Pity the Republicans. They are so prejudice-free, so colorblind, that they don't see race. Pollsters routinely tell them that their party is monolithically white, but they have no way to confirm this, beyond acknowledging that their affinity for mayonnaise and dressage horses makes it likely that this is so.
The Republican commitment to colorblindness and anti-racism extends into the realm of Hispanic outreach. When a Republican looks at a Mexican-American, they do not see "race." They see a gardener. And a potential Republican.
But leave it to race-obsessed liberals to ruin the fun…
In an effort to court Latino voters, the RNC's Spanish-language outreach website installed a prominent photo of adorable Latino children as its main image. Or at least that's what the RNC thought the photo depicted. It turns out the kids aren't Latino at all.
In an embarrassing mix-up, US News and World Report discovered that RNCLatinos.com used a stock photo apparently depicting Asian children on the site. The image they chose is tagged by its creators with such terms as "asian," "thailand," "japanese" and "interracial," as are dozens of related photos by the same source featuring Asian preschoolers playing in parks.
The RNC has since blamed an outside contractor for the mix-up, which shows just how hard it is for Republicans to win. Hire a competent contractor you're forced to get rid of him because "I'm running for office, For Pete's sake, I can't have illegals." Hire a documented contractor, and it turns out "basic website design" is another job Americans can't do competently.
Tags: Hispanic, Latino, Republicans
In late 2010, the House of Representatives passed the DREAM Act, so-named because it was always a complete fantasy for a far-reaching piece of legislation to make it past the dysfunctional Senate, where 60 votes are needed to shut off an opposition party filibuster. The bill would have extended conditional legal status for five years to undocumented immigrants who were younger than 16 when they entered the country, have lived in the U.S. for at least five years, and earned a degree from a U.S. high school.
Needless to say, the DREAM Act died a quiet death in the Senate and moldered beneath America's Latino-manicured lawns until it was resurrected, today, in the form of an executive order by President Obama…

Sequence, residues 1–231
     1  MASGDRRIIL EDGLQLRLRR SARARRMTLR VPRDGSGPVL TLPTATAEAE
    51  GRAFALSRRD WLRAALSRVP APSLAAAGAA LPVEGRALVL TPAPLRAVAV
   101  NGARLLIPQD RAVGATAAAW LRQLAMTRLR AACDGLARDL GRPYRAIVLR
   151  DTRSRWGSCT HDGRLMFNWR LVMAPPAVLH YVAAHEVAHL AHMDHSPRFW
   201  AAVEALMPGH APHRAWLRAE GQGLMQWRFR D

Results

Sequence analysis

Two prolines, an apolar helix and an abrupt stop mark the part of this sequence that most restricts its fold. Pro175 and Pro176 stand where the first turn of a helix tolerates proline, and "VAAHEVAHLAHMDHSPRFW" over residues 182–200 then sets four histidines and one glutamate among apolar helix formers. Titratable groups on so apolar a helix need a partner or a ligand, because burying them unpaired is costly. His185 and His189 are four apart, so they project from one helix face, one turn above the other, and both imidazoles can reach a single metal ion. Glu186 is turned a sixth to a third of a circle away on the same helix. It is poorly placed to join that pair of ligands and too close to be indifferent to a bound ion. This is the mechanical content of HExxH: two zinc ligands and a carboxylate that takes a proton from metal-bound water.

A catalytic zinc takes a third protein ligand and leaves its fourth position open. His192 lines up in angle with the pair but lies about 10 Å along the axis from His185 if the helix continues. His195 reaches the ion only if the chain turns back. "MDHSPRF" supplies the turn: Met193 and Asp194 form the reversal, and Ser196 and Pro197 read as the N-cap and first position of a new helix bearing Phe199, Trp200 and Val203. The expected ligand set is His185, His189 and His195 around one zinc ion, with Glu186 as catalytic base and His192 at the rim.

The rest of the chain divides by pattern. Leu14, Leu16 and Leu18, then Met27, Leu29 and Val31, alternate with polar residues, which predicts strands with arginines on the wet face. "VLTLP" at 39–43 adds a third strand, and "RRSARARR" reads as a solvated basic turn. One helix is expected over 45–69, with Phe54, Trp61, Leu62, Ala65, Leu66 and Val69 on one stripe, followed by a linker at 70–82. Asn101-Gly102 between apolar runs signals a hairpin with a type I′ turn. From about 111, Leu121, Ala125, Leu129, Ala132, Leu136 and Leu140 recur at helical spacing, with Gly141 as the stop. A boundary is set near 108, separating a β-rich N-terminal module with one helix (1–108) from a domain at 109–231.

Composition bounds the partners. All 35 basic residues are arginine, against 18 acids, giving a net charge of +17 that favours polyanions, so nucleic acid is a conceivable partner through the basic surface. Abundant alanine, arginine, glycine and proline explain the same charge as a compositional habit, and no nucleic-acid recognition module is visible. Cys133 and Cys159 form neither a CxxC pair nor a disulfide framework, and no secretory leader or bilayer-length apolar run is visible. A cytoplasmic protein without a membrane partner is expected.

Under the administration plan, illegal immigrants will be immune from deportation if they were brought to the United States before they turned 16 and are younger than 30, have been in the country for at least five continuous years, have no criminal history, graduated from a U.S. high school or earned a GED, or served in the military. They also can apply for a work permit that will be good for two years with no limits on how many times it can be renewed. The officials who described the plan spoke on the condition of anonymity to discuss it in advance of the official announcement.
Unlike a legislative solution, this action offers no path to citizenship — it's neither amnesty nor legalization, but merely a semi-permanent stay of deportation — but it still represents good news for friends of Jesus.
Firstly, because there are few things more unChristian than deporting young people to countries they may not even remember. Secondly, because Jesus has positively working his ass off, getting a GED, joining the military, and trying to start his own restaurant, despite a lack of documentation, and why would we ever want to be rid of this cool guy?
Photo by Alex Wong/Getty Images News/Getty Images
Tags: Barack Obama, Dream Act, Hispanic, Immigration, Latino
What's more American than ordering a pizza? Nothing. Not even béisbol or apple cinnamon churros. But that's not what some uptight patriots are saying after hearing about Dallas-based pizza chain Pizza Patrón's new promotion to give away a free pepperoni pizza on June 5th to anyone who orders in Spanish…
"Maybe they thought it was a cute thing to do, but I think it's discrimination," says Marcela Gomez, president of Hispanic Marketing Group, a Latino marketing firm in Nashville. "As an advertising agency, I would never recommend this to my client."
Marcela Gomez must not watch the popular TV show Hombres Locos. If there's one thing lead character Juan Jamon says, it's that there's no such thing as bad press, especially when it annoys conservatives…
One conservative group doesn't like it, either. "It seems to punish people who can't speak Spanish, and I resent that," says Peter Thomas, chairman of the Conservative Caucus, which advocates English as the nation's spoken language. "In public areas, people should be speaking English, and that includes pizza parlors."